うさぎ食堂 (Usagi Shokudo in Naka-Meguro)



Toripaitan, ramen that is made with a creamy chicken soup, is nothing new. But in recent years, a few stand out shops like Kagari and Ushio bring things to a higher level. Mega-rich soup with fresh toppings that put regular ramen to shame.


This one was recommended by the barbecue master at Hatos Bar, a nearby smokehouse barbecue spot that meat lovers need to know about. Don't tell anyone, but Sou-san, the master, prefers a good bowl of ramen over perfectly cooked ribs. Food is funny that way.


The menu is only a couple items; torishiroramen and bejitanmen. Both use the same soup, but differ in noodles and toppings.


The veggie version was hard to pass up. Chicken chashu, duck chashu, garlic toast, and a heap of colorful vegetables. 1500 yen is spendy, but not really that much for good food in the Naka-Meguro area.


If you are out here for the famous cherry blossoms that line the river during March and April, Usagi Shokudo is a good bet for a quick bite.

Followed, of course, by some barbecue and craft beer at Hatos Bar!


Tokyo, Meguro-ku, Aobadai 1-30-12
Closest station: Naka-Meguro

Open 11:30-22:00
Closed Mondays

Thursday, January 15, 2015

AFURI in Nakameguro



It had been years since a visit to famed AFURI. Since the original shop in Ebisu paved the way for more oshare - stylish - ramen shops, AFURI has opened half a dozen more shops in the Tokyo area.

Do they still hold up?


Unfortunately, I feel that they have lost a lot in the expansion. This shop in Nakameguro, though stylish, lacked deep flavors and had no tasty impact. They were lauded as having the best light tasting ramen in town, but now it is just too light.


I should note that I tried their winter limited bowl, a miso with smoked meats and ginko nuts.


My friend, the writer of a new ramen blog on the scene, had their normal bowl. Lackluster.

Do check out his site, Philoramen:


Tokyo, Meguro-ku, Kamimeguro 1-23-1
Closest station: Nakameguro

Open 11:00-5:00am

Monday, January 12, 2015

裏不如帰の台湾極にぼ (Taiwan Niboshi Ramen at Ura Hototogisu in Hatagaya)

一汁三煮干 裏不如帰


Insanely amazing Hototogisu changes gears on Thursdays and becomes Ura-Hototogisu. Hidden-Hototogisu. Niboshi heavy soup one day a week.


They also have a limited to 10-a-day Taiwan-niboshi ramen. Spicy nira and an intesne ground pork mix.

I still prefer their normal menu on Thursdays, but go for this one if you have already been and are looking to spice things up.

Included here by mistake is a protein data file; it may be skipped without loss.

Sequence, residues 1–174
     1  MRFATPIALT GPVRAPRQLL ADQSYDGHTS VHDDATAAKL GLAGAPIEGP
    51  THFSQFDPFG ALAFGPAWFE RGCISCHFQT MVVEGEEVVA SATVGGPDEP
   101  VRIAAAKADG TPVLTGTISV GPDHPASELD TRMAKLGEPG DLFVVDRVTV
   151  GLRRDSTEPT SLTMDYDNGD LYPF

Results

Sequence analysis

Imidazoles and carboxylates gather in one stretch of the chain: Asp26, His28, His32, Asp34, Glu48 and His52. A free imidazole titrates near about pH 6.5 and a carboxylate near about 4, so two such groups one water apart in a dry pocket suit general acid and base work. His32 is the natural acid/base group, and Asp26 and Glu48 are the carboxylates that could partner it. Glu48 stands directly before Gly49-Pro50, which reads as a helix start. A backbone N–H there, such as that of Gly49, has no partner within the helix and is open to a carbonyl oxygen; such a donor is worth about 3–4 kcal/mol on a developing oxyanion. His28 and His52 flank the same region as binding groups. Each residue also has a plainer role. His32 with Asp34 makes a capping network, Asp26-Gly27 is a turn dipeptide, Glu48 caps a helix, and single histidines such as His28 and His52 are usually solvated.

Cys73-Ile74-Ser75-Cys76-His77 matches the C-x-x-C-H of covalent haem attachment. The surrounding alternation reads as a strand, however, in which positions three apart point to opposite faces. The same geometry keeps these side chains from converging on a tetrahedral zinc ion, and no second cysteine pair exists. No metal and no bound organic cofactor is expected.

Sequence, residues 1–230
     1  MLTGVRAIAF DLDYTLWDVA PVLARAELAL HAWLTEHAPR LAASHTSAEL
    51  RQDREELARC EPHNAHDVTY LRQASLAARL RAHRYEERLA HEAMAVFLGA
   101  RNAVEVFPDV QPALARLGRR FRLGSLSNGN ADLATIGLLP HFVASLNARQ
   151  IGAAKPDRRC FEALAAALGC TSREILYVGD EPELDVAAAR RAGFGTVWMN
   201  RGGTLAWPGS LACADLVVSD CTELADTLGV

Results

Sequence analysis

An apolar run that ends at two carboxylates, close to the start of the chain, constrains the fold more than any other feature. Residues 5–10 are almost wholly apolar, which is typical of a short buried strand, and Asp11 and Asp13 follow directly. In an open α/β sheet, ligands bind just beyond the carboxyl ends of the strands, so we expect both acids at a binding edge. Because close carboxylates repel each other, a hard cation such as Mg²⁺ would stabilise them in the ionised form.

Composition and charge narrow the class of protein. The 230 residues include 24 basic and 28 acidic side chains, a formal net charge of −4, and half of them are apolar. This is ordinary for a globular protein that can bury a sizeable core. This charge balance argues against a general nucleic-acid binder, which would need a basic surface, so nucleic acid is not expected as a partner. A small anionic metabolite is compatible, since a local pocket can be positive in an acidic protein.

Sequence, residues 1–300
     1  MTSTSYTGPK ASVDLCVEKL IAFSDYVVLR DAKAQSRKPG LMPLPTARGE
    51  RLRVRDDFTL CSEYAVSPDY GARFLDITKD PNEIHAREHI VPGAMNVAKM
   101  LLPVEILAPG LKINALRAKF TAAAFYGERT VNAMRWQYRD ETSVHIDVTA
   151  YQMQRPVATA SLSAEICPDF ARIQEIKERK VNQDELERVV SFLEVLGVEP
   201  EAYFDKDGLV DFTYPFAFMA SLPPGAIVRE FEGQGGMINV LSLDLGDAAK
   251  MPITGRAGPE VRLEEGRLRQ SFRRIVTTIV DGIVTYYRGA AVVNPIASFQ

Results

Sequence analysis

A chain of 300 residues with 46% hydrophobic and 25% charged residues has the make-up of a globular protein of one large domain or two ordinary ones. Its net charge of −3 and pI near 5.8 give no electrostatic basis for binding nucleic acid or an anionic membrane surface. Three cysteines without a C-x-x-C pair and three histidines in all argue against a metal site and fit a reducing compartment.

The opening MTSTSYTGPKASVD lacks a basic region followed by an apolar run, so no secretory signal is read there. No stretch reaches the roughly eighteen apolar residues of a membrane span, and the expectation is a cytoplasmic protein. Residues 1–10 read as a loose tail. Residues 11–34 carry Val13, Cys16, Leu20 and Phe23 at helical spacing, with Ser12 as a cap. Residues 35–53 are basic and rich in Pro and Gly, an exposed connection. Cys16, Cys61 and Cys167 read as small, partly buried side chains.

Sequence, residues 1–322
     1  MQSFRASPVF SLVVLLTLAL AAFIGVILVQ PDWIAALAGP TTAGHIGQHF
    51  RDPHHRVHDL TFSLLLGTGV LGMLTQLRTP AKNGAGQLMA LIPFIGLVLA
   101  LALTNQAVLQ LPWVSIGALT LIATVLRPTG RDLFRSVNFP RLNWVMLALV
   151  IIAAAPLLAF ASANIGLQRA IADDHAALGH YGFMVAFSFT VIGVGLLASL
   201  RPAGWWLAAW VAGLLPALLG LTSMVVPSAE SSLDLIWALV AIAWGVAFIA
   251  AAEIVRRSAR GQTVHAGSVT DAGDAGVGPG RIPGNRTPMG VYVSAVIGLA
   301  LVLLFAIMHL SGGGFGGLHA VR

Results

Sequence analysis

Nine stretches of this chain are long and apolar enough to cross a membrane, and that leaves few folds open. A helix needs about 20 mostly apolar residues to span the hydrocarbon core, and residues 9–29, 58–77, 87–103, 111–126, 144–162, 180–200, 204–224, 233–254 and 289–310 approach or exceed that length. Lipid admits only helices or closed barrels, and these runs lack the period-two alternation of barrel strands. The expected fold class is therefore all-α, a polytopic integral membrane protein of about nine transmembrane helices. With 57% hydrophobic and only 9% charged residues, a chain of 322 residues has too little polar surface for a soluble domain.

Make sure you get there about ten minutes before they open, or be subject to a long line.


Another review I did a while back is here.

Tokyo, Shibuya-ku, Hatagaya 2-47-12
Closest station: Hatagaya

Open 11:30-15:00 on Thursdays

Thursday, January 8, 2015

一蘭 (Ichiran in Fukuoka)



Pilgrimage time. Yes, I'm no fan of the Ichiran chain, the Kyushu beast that has shops all across the country. The taste is heavy on the sweet and low on the porky goodness level that, say, somewhere like Ippudo has. But as far as chains go, you can't beat them for convenience. Wow, I feel sick saying that.

But the original shop in Fukuoka was unique bowls, so I wanted to try it. Yes, that is pretty much the only reason.

To the honten (main shop)!


But . . . they don't have the famous rectangular bowls. Yes, I'm being petty here. But this will probably be my last time slurping Ichiran, so I need to make it count. Turns out the first floor of the honten doesn't even serve ramen! Have some original Ichiran dumplings, instead.


After some conversation with a very young staff member, we found that it was actually the Nishidori shop that does the special bowls. A five minute walk away.


That's more like it!


Of course, one of the perks of Ichiran is the customization. I always say that this is so when you get your lackluster bowl, the blame is on you, the customer, for choosing the wrong combination. In the past, I had gone for normal levels. I've since learned. Once again, though, not the greatest bowl in Japan.

From top to bottom - amount of tare seasoning, thickness of the soup, amount of garlic, type of negi onion, pork yes or no, amount of spice, and firmness of the noodles. They probably have an English version.


As always, sit down in your private cubicle.


And await your bowl.


My mistake this time was choosing こい味, a strong amount of tare seasoning liquid. The tare here is the biggest problem. So sweet! The choice of double spice neutralized this a bit.


Still crushed it though.


Official Site Here

Fukuoka-ken, Fukuoka-shi, Chuo-ku, Daimyo 2-1-57
Closest station: Tenjin

Open 10:00am-7:00am
No holidays.